Sailing has a beneficial effect on my writing and I am actively working on different topics. I am trying to publish an article about Tranquility’s refit and working on a science fiction novel I’ve been on for a while. Besides, I am attending an online course on how to monetize my blog. It seems that the first important task in this process is to “find my niche”. I have no clear ideas of what is my niche yet. Do you?
From Frederica River anchorage to Frederica River anchorage, 14NM
I start this recap with our first fail of the trip. Back at the beginning of June we thought we were ready to catch some good South Easterlies and start our climbing along the East Coast. The expectations about starting the journey were heavy on us, especially after being tucked in the marshes for the first two Tropical Storms of the season. We felt anxious and wanted to leave very badly, feeling disgusted by any extra job list and preparation routine.
We picked an afternoon departure with an ebbing tide to weigh anchor. The sailing in St.Simons Sound, was promising and Tranquility moved fast and secure in the smooth waters, but as soon as we entered the inlet things started to get hairy. Big steep waves lifted by the wind blowing against the tide crashed on our bow as we were trying to keep Tranquility close hauled in the long shipping channel out of the Sound. Shoals on both sides did not allow for any leeway and soon we had to start tacking.
During the first tack we go stuck in the trough between two waves. As the boat stalled the jib started flogging very hard and by the time we got control of the boat again I noticed a rip in the fabric in the vicinity of the clew. I ran to the foredeck and while Kate was controlling the jib sheet I furled the sail. I immediately hoisted the staysail and tried to make up my mind on what had just happened.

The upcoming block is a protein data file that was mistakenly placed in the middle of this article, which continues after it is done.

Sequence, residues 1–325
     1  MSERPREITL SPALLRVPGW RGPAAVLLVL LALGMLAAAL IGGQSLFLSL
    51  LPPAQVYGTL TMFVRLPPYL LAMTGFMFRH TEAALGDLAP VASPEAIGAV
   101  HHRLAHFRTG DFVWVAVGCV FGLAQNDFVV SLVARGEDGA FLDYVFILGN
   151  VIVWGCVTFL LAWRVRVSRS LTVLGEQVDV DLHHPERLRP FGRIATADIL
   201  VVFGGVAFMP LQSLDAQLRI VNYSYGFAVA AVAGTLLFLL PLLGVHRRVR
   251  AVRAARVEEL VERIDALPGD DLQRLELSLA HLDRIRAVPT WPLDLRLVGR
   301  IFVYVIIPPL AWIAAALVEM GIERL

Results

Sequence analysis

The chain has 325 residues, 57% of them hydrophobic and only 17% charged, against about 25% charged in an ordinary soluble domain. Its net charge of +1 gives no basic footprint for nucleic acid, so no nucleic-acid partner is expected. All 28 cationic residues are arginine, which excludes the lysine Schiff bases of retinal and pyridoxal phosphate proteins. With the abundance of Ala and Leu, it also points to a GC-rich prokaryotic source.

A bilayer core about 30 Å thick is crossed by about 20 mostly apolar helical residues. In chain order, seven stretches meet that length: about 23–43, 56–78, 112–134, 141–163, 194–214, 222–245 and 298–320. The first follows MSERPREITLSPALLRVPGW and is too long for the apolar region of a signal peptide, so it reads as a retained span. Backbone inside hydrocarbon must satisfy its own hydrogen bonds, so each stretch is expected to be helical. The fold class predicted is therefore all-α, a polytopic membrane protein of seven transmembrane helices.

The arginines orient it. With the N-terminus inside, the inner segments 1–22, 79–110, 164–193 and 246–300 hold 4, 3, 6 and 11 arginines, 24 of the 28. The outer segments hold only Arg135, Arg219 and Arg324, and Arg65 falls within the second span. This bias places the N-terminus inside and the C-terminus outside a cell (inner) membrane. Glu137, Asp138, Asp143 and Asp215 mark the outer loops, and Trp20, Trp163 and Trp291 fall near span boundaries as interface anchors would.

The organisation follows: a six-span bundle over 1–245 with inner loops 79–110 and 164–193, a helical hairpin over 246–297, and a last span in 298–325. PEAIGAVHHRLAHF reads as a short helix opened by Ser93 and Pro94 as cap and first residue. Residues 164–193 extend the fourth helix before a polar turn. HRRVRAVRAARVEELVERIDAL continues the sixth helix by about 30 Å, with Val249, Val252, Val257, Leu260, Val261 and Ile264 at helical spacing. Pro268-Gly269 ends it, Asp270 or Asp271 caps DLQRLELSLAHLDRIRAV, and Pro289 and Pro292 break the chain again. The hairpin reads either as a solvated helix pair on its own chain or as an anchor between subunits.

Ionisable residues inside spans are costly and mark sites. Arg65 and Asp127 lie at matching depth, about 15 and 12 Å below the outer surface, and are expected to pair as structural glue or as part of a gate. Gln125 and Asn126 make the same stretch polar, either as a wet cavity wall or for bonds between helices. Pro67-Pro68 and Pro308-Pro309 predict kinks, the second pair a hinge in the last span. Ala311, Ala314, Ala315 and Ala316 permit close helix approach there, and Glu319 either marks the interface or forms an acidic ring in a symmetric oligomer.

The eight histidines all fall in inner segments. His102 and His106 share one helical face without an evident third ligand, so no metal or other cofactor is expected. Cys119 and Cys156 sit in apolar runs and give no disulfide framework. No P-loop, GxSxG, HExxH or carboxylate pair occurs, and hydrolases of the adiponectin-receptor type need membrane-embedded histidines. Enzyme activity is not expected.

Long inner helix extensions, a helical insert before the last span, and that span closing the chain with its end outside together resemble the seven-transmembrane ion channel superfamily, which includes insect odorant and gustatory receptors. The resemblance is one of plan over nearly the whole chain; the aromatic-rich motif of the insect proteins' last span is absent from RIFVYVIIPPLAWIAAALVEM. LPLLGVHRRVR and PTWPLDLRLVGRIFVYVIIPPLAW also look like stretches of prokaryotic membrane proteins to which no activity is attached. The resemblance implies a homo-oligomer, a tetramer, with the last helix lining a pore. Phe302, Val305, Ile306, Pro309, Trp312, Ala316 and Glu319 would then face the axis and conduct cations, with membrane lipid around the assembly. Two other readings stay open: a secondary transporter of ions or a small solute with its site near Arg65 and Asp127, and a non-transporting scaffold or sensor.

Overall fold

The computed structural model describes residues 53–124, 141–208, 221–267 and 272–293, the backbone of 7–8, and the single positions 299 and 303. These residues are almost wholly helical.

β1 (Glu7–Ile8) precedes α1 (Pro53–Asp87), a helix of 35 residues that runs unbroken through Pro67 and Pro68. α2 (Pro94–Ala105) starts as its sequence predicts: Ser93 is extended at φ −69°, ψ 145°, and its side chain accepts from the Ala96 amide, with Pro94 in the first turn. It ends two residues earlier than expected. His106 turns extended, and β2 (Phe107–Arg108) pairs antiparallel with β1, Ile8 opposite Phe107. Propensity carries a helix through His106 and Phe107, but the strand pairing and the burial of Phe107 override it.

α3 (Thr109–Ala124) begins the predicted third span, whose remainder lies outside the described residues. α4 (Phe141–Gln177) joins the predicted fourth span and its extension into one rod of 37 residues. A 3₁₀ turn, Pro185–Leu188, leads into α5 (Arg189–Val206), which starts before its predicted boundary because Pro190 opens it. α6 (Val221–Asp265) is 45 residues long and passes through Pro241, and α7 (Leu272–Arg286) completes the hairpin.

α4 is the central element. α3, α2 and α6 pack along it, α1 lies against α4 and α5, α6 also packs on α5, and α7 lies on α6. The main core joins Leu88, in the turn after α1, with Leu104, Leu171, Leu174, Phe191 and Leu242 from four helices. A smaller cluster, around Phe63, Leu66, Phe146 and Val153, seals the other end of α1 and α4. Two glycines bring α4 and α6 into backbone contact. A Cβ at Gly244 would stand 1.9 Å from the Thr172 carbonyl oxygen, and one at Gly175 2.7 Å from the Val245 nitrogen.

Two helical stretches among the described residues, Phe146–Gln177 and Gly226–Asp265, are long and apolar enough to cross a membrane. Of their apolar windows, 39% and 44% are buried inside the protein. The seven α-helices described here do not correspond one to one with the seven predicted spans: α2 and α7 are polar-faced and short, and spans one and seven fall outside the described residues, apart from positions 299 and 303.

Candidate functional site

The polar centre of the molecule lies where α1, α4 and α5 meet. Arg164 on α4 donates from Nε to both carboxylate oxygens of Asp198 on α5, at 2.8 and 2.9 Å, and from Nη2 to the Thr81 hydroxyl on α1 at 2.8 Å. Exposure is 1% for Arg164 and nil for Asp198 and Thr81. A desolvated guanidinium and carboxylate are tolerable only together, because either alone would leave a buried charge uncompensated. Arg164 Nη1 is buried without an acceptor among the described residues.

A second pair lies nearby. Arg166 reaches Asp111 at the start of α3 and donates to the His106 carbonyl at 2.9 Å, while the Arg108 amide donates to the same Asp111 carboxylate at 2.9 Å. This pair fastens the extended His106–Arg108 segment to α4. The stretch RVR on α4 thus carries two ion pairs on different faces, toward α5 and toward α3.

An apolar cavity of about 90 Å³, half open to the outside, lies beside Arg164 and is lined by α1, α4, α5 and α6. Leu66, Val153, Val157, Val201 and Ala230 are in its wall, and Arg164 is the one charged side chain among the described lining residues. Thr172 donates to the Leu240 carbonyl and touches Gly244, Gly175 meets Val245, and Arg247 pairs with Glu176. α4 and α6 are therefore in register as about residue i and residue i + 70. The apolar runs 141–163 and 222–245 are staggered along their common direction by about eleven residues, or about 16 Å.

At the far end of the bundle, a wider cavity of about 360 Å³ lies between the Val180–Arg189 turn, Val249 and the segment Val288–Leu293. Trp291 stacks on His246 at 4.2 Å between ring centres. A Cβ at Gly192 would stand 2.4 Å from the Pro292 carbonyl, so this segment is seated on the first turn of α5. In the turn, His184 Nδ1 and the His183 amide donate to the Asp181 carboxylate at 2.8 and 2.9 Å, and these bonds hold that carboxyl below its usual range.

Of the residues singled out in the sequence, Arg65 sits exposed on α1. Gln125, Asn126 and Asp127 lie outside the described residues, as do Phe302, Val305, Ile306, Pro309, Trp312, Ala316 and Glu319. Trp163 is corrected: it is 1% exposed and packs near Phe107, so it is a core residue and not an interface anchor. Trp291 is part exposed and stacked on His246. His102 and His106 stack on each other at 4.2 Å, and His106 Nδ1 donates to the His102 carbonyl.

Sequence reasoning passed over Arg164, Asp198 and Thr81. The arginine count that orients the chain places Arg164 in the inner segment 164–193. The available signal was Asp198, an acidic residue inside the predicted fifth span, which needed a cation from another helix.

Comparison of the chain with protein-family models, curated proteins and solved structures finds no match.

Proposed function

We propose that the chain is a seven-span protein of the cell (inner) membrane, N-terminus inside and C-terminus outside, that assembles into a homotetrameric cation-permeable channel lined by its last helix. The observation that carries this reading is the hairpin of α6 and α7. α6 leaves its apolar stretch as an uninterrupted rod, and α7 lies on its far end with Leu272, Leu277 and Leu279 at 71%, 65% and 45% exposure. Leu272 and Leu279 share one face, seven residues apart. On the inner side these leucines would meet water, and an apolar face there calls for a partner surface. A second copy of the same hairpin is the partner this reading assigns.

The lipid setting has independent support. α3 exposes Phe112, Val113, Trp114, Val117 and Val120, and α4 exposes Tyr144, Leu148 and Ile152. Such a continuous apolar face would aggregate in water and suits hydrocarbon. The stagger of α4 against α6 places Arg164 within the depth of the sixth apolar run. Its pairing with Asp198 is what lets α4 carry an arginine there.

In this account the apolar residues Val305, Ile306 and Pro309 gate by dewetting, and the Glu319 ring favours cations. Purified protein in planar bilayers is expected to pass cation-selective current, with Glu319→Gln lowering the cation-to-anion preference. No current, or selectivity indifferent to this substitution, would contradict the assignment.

It was clear that there was no other call than to go back to the anchorage, as we needed our jib for the miles on. We knew that in Frederica River at least we had the resources to fix it. We turned around and with following wind and tide we rolled on the big waves until we were safe in the lee of Jekyll Island.
Sailing back in protected waters, our minds were focused on how the departure was a failure. Instead of being out sailing we had once again to deal with few more issues, more work to do. We were happy that after all nothing too bad happened but we were definitely bummed and demoralized as we were again dropping anchor in Frederica River, the curse was still on.
In the next couple of days Kate dropped her phone in the water, making us a one phone family. Our old android tablet that we use for navigation decided to give up, the display no longer responded to our finger touch. Two foam cushions that form our sleeping bunk blew off the boat during a squall as they were left on deck to air out. I was able to retrieve one of them during my row back to the boat but the second one was lost forever. Instead of one step forward we were three steps back.
We thought we were ready, truth was we needed more preparation and time. With the not so happy mood of who has no choice but keep pushing the stone uphill, we put together some a work and a shopping list, restock our supplies, sew a strong patch in the jib with the help of our friend Bill and his good sailmaking skills, and we were ready to try again, with a mission to stay out as long as we could on our North East quest.